I think this is certainly easier said than done, but the words are very wise.  Is your heart awakened and opened when you experience grief?  I guess the answer is yes, but it feels more like a cracked or burning heart.  But being open to love, compassion, joy, etc., that feels like an open heart.

I think it's really good to remember that you have nothing to fear from your grief or sadness.  Greet it like an old friend, be present with it and don't run away from it.  There's really nothing there to fear, nothing that can harm you.  Fear is the only thing that can let grief and sadness take control of you and harm you.  In essence, grief and depression are no different than love and compassion, what's different is our response.

--Travis

Offline Ngawang Drolma

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Re: Poison into nectar; an open heart
« Reply #4 on: January 12, 2010, 03:08:27 pm »
I think this is certainly easier said than done, but the words are very wise.  Is your heart awakened and opened when you experience grief?  I guess the answer is yes, but it feels more like a cracked or burning heart.  But being open to love, compassion, joy, etc., that feels like an open heart.

I think it's really good to remember that you have nothing to fear from your grief or sadness.  Greet it like an old friend, be present with it and don't run away from it.  There's really nothing there to fear, nothing that can harm you.  Fear is the only thing that can let grief and sadness take control of you and harm you.  In essence, grief and depression are no different than love and compassion, what's different is our response.

--Travis

I love this response, thank you   :pray:

Offline humanitas

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Re: Poison into nectar; an open heart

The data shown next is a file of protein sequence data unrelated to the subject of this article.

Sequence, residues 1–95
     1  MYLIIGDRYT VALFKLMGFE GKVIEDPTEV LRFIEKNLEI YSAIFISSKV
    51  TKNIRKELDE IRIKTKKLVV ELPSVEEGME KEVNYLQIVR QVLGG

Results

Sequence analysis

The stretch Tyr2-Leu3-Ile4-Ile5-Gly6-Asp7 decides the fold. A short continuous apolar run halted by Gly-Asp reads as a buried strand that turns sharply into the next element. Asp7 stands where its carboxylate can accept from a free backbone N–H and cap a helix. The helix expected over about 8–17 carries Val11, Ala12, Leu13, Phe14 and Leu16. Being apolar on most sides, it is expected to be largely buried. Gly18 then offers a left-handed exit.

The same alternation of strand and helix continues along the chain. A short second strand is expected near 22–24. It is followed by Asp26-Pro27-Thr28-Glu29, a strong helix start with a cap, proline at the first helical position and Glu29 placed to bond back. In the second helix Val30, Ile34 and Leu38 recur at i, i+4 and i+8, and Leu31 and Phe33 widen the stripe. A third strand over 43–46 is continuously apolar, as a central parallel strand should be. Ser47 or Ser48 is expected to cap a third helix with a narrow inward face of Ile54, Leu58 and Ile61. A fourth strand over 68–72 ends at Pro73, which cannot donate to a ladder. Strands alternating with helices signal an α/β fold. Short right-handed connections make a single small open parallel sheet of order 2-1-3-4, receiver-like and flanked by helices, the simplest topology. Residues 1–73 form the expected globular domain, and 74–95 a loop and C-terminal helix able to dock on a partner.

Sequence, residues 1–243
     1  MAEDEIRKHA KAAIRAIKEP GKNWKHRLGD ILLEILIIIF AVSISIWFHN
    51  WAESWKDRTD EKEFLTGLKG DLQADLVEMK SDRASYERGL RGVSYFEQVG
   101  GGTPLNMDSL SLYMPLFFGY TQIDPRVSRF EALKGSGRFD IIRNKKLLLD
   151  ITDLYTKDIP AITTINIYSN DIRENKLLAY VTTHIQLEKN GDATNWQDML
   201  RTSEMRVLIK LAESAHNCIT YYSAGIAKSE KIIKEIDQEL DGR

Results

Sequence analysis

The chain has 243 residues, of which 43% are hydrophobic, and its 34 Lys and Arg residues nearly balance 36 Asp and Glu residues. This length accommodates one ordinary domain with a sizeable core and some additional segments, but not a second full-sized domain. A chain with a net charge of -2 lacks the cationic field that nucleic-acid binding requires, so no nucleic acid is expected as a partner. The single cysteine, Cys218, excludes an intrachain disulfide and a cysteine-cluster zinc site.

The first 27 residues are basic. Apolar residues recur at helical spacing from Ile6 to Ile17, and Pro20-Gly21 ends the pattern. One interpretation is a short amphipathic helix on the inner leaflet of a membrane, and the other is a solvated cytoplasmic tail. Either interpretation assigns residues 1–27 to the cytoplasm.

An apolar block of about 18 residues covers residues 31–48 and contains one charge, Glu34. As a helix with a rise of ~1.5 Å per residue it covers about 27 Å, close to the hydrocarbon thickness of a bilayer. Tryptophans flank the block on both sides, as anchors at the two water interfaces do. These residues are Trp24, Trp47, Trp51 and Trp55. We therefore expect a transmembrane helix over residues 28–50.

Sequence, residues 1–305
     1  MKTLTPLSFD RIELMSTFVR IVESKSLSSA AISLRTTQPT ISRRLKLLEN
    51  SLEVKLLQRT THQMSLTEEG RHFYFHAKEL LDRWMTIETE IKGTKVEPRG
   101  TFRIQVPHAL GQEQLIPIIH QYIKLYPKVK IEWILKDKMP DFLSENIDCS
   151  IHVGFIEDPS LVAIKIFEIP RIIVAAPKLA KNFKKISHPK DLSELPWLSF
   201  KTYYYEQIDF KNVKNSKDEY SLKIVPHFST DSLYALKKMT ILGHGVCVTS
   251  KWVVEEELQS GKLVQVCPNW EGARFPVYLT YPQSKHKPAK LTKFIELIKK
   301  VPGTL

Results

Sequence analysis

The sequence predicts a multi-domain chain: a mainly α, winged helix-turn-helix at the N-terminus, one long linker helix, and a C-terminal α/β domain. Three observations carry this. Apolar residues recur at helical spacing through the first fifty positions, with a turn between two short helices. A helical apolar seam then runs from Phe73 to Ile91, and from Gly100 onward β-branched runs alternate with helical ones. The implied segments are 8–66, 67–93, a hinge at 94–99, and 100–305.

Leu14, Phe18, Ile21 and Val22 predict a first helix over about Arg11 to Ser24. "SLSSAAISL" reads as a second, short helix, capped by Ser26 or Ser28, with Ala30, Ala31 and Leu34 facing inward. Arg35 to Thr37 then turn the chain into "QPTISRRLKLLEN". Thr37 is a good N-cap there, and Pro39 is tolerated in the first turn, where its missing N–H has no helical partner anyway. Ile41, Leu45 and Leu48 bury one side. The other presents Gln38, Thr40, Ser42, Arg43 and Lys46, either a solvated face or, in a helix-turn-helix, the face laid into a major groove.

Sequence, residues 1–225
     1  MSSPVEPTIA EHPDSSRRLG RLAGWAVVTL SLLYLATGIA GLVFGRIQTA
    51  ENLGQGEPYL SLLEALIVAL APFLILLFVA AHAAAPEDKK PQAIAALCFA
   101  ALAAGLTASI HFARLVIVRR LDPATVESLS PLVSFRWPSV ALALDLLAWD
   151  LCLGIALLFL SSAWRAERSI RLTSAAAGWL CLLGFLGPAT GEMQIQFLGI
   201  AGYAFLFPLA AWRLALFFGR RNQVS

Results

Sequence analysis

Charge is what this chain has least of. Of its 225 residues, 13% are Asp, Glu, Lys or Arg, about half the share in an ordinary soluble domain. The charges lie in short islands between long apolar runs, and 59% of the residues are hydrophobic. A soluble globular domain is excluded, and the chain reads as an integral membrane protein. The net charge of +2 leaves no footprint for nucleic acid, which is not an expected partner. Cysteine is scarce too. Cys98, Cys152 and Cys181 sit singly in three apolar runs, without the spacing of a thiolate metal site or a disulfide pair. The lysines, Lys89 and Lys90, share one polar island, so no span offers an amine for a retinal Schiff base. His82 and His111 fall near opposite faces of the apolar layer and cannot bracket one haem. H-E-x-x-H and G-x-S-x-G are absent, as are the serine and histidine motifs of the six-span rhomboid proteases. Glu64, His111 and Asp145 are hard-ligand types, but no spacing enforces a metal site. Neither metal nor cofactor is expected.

« Reply #5 on: January 12, 2010, 03:50:57 pm »
I think it's really good to remember that you have nothing to fear from your grief or sadness.  Greet it like an old friend, be present with it and don't run away from it.  There's really nothing there to fear, nothing that can harm you.  Fear is the only thing that can let grief and sadness take control of you and harm you.  In essence, grief and depression are no different than love and compassion, what's different is our response.

--Travis

 :curtain:

 :heart:

This totally just made me cry...  You've just made my year, in one paragraph, my view just opened a bit more, and I feel how it's just my response that is different... and that has vastly earth shattering ramifications in my emotional comprehension of life, like a wall just broke down.  What that means is that I see exactly how I can make my heart even bigger, big like a mansion full of life and joy where I can fit all the suffering in and bring comfort to those hurts.  And that's the usefulness of the cultivation of joy.  Pema Rigdzin, remember when I asked you how I could cultivate more joy? 

Well, our friend just gave me the answer and changed my world.  Or rather the world always was what it was it's just my attitude that is different.   :wink1:

Thank you for posting this.

 :headbow:
Daphne.
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Offline Optimus Prime

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Re: Poison into nectar; an open heart
« Reply #6 on: January 12, 2010, 05:03:00 pm »